Namibians make masks fashionable amid COVID-19
Locals in Namibia are opting for fashionable masks to complement their attires and relief anguish as the country battles the COVID-19 pandemic.
When the Namibian government first declared mandatory wearing of masks in public spaces, Elvira Simon did not mind the type of mask to wear as long as it was protective. But recently, she realized that she could make a fashion statement by wearing masks that complement her outfits.
"I only just asked a designer to tailor several masks that complement most if not all my outfits," she said Thursday.
According to the 28-year-old Simon, she now owns more than 15 reusable masks. As such, every time she goes to work or to do some shopping, she selects a mask that matches her outfit.
She is not the only one. Gillet Dennis opts for masks made out of floral fabrics.
"Flowers add life to my style. The floral patterns also impact my mood positively," she said.
Additionally, locals are also choosing masks made out of bright-colored material to stand out.
Their conviction is that achieving a good look should not be derailed by the COVID-19 pandemic.
"I prefer to go for colorful material, especially bright colors. I want to achieve some pairing yet contrast with my look," said Eveline Matias.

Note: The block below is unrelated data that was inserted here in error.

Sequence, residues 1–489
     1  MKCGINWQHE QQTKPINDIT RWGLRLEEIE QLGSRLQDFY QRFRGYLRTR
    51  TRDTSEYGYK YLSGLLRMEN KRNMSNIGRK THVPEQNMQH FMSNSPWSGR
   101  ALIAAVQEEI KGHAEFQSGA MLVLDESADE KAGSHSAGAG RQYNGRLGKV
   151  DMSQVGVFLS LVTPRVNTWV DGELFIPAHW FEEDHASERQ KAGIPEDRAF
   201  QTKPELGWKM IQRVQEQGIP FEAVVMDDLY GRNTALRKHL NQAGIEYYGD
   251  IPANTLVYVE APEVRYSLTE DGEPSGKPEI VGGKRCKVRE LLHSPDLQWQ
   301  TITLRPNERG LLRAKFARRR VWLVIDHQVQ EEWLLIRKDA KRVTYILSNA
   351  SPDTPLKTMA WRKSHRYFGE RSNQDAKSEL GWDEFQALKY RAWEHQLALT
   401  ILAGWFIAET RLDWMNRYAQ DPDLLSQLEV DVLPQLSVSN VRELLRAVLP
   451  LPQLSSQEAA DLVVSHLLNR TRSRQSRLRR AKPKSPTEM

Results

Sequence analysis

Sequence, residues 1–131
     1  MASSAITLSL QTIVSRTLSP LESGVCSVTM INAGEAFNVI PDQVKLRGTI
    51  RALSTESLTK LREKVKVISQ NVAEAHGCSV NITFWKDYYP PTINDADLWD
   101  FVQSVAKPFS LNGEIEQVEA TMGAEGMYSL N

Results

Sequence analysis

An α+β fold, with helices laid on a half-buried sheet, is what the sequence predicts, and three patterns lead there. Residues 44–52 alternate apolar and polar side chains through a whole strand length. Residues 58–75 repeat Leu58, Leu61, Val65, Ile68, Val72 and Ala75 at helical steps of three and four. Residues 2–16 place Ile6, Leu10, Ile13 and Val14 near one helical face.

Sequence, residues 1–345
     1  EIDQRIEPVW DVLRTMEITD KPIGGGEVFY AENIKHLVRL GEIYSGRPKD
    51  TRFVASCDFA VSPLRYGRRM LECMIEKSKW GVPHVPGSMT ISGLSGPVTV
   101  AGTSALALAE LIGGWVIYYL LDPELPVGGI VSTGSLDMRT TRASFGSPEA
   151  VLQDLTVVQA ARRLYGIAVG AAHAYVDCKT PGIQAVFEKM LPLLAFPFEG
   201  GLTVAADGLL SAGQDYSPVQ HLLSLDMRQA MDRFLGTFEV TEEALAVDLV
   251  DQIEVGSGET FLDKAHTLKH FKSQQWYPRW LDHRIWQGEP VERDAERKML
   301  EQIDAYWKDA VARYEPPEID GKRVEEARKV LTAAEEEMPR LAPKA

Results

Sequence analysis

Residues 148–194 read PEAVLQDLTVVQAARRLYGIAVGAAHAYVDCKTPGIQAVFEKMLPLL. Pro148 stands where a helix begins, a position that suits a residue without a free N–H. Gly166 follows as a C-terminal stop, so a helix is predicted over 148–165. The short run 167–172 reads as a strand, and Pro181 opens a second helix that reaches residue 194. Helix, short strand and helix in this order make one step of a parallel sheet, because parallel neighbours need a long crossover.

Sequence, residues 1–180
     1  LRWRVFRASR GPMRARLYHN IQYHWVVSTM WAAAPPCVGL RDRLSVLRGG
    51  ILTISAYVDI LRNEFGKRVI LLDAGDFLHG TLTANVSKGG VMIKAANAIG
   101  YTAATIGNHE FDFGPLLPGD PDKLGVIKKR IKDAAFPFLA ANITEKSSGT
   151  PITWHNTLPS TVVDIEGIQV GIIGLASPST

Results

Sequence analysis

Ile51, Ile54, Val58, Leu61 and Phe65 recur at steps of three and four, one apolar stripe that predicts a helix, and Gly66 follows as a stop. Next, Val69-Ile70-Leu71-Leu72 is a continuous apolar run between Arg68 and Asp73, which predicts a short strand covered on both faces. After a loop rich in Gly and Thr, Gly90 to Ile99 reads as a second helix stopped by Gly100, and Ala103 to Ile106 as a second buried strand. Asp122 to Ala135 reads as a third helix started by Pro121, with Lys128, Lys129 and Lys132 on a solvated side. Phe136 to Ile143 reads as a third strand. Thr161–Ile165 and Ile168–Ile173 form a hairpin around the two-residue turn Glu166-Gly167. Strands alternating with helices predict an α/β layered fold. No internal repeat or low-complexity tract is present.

In the meantime, local tailor Selma Shilongo said that she had observed the trends and the emerging pattern of locals wanting to make a fashion statement with masks, evident in the orders for masks placed by clients.
According to Shilongo, most clients opt for masks that would complement their wardrobes.
"People want matching masks to look good. Some people are even showing off their masks, especially the expensive masks with a touch of elegance," she added.
Not only is that, but making masks fashionable is also therapeutic, according to locals.
"If anything, this is the time to look fashionable as it serves as counsel during this difficult time. The daily mood is also somewhat revealed with the clothes one adorns," Simon said.
What's more, some people opt for ethnic and traditional fabric. In most Namibian indigenous groups and spheres of social life, fashion is an integral aspect of people's lives ranging from clothes, shoes, accessories, and masks are no exception.
Meanwhile, at weddings, brides also make sure that bridesmaid and groomsmen, usually wearing uniformed outfits have matching masks, in terms of color and the fabric.
Moreover, masks are also being used as an advertising tool for corporate and local businesses.
"It is a way to market my business and push my brand and make a sale in the most unusual places," said Dennis Santos, a local entrepreneur.
In the interim, Anna Nghipondoka, Minister of Education, Arts and Culture, said that creativity and fashion are important as they reflect the culture, hence the potential for designers to maximize on the various opportunities despite COVID-19. (Xinhua)